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French Music – France Gall Posted by on Feb 20, 2018 in Culture, History, Music, Vocabulary

A few weeks ago I posted about the passing of the French singer France Gall. In researching her life and work, I came across this cute song that I wanted to share with you this week. Not only is it a catchy tune, but it has lots of great vocabulary, cultural tidbits, and even a little (fake) history.

 

[Je l’aime bien moi France Gall] [I really like that France Gall]
   
Qui a eu cette idée folle Whose crazy idea was it anyway
Un jour d’inventer l’école (x2) One day to go and invent school
C’est ce sacré* Charlemagne It’s that darned Charlemagne
Sacré Charlemagne Darned Charlemagne
De nous laisser dans la vie To leave for us in our lives
Que les dimanches les jeudis (x2) Nothing by Sunday and Thrusday**
C’est ce sacré Charlemagne It’s that darned Charlemagne
Sacré Charlemagne Darned Charlemagne
Ce fils de Pépin le Bref This son of Pepin the Short
Nous donne beaucoup d’ennuis Gives us plenty of problems
Et nous avons cent griefs And we have a hundred complaints
Contre contre contre lui Against against against him
Qui a eu cette idée folle Just whose crazy idea was it
Un jour d’inventer l’école (x2) To go and invent school
C’est ce sacré Charlemagne It’s that darned Charlemagne
Sacré Charlemagne Darned Charlemagne
Participe passé Past participle
4 et 4 font 8 4 plus 4 equals 8
Leçons de Français French lessons
De mathématiques Math
Que de (Que de) Nothing by (nothing but)
Travail (Travail) Work (work)
Sacré sacré sacré Darn darn darn
Sacré sacré Charlemagne Darn darned Charlemagne
   
Il aurait dû caresser He should have (spent more time)
Longtemps sa barbe fleurie (x2) (Stroking) his curly beard
Oh ! oh ! sacré Charlemagne Oh that darned Charlemagne
Sacré Charlemagne Darned Charlemagne
Au lieu de nous ennuyer Instead fo bothering us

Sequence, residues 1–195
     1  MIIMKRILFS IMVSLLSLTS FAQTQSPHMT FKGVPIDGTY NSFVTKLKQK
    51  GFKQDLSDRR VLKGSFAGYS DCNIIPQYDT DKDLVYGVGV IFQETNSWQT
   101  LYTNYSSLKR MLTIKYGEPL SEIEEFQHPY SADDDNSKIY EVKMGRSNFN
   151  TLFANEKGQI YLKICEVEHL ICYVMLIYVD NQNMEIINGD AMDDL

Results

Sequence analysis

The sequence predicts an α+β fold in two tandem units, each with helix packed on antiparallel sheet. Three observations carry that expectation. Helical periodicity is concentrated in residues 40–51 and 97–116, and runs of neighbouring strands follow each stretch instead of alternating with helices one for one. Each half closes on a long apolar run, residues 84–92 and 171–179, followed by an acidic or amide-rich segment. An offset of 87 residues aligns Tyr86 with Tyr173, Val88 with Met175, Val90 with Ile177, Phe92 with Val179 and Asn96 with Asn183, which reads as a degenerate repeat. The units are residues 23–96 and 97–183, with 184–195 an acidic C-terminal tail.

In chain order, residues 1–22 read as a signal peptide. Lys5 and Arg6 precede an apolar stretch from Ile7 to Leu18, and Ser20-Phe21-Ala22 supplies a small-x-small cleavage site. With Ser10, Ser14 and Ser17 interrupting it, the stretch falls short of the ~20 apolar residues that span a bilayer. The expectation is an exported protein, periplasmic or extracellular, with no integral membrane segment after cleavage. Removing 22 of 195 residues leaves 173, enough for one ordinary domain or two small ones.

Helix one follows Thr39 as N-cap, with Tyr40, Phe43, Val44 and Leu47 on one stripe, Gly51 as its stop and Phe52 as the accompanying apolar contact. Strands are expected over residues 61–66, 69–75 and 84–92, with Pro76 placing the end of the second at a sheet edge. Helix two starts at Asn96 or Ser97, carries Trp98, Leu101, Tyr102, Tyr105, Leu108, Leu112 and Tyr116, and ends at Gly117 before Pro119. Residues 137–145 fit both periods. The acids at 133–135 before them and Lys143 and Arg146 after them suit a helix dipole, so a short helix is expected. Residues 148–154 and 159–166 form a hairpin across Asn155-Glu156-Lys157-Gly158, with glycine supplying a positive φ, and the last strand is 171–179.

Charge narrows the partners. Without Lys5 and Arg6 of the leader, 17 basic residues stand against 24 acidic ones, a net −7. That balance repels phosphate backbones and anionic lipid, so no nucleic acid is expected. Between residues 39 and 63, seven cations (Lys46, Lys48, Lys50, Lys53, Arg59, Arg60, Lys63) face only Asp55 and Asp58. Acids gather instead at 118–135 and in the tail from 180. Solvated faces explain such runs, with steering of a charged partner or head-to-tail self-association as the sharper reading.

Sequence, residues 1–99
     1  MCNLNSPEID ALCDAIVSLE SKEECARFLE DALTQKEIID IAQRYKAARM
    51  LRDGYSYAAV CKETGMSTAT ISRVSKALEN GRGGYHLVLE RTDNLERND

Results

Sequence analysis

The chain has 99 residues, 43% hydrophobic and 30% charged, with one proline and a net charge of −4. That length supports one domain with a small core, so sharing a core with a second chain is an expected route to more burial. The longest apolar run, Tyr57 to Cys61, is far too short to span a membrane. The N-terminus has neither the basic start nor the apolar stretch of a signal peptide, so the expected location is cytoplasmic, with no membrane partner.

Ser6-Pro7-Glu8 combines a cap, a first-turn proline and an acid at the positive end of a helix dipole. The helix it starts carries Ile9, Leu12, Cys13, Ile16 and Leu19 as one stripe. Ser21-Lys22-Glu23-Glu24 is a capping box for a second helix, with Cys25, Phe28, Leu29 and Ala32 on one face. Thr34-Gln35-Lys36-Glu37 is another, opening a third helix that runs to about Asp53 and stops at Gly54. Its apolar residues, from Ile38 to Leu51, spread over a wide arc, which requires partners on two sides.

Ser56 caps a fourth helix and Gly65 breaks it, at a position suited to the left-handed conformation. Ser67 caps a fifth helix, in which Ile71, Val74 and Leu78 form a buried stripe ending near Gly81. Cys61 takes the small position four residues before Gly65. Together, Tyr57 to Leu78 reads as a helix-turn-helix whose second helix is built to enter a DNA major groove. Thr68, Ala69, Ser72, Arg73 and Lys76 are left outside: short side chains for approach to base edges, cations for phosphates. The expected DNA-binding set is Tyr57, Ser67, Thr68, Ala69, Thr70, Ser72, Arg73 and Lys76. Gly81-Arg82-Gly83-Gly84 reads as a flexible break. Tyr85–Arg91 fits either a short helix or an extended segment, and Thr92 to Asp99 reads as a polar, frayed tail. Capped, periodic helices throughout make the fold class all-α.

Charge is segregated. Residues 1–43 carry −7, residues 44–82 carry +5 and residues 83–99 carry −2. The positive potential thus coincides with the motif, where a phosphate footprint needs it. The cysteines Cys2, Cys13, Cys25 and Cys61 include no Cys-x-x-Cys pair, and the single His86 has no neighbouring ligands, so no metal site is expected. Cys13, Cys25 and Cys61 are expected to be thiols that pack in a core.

Avec la géographie (x2) With Geography
Oh ! oh ! sacré Charlemagne  
Sacré Charlemagne  
Il n’avait qu’à s’occuper He would have been better focusing on/He should have stuck with
De batailles et de chasses Battles and hunting
Nous ne serions pas obligés We wouldn’t have to
D’aller chaque jour en classe Go to school every day / Spend every day in class
Il faut apprendre à compte (Where) we have to learn to count
Et faire des tas de dictées (x2) And do a whole pile of dictations
Oh ! oh ! sacré Charlemagne  
Sacré Charlemagne  
Participe passé (Participe passé) Past participles (Past participles)
4 et 4 font 8 (4 et 4 font 8) 4 plus 4 equals 8 (4 plus 4 equals 8)
Leçons de Français (Leçons de Français) French lessons (French lessons)
De mathématiques (De mathématiques) Math (Math)
Que de (Que de) Nothing but (nothing but)
Travail (Travail) Work (work)
Sacré sacré sacré  
Sacré sacré Charlemagne  
Car sans lui dans notre vie For without him in our lives
Il n’y’aurait que des jeudis (x2) Life would be nothing by Thursdays
Oh ! oh ! sacré Charlemagne  

* The word sacré, which literally means sacred or consecrated, shows up in many French expressions as a sort of exclamation or modifier/emphasizer. You see it in Sacrébleu (Holy smokes) or you might say of a friend “Sacré Paul, il est toujours en retard.” (Oh that Paul, he’s always late.)
**
As we’ve discussed before, many French kids have school on Saturday, with a day (or at least a half day) off during the week (and of course Sundays, too). For many years now that day off has been Wednesday, but once upon a time jeudi (Thursday) was the week day French élèves (students) had free.

Le vrai histore/The real story:

Charlemagne, who lived from 742 – 814 was king of the Franks and Holy Roman Emperor ruling over what is now France as well as much of western Europe. While he wielded tremendous power and left his mark on the world, despite what the song says, one thing he didn’t do was to invent school!


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Image of Charlemagne: This work has been identified as being free of known restrictions under copyright law, including all related and neighboring rights. 

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About the Author: Tim Hildreth

Lise: Maybe not always. Paris has ways of making people forget. / Jerry: Paris? No, not this city. It's too real and too beautiful. It never lets you forget anything. It reaches in and opens you wide, and you stay that way. / An American in Paris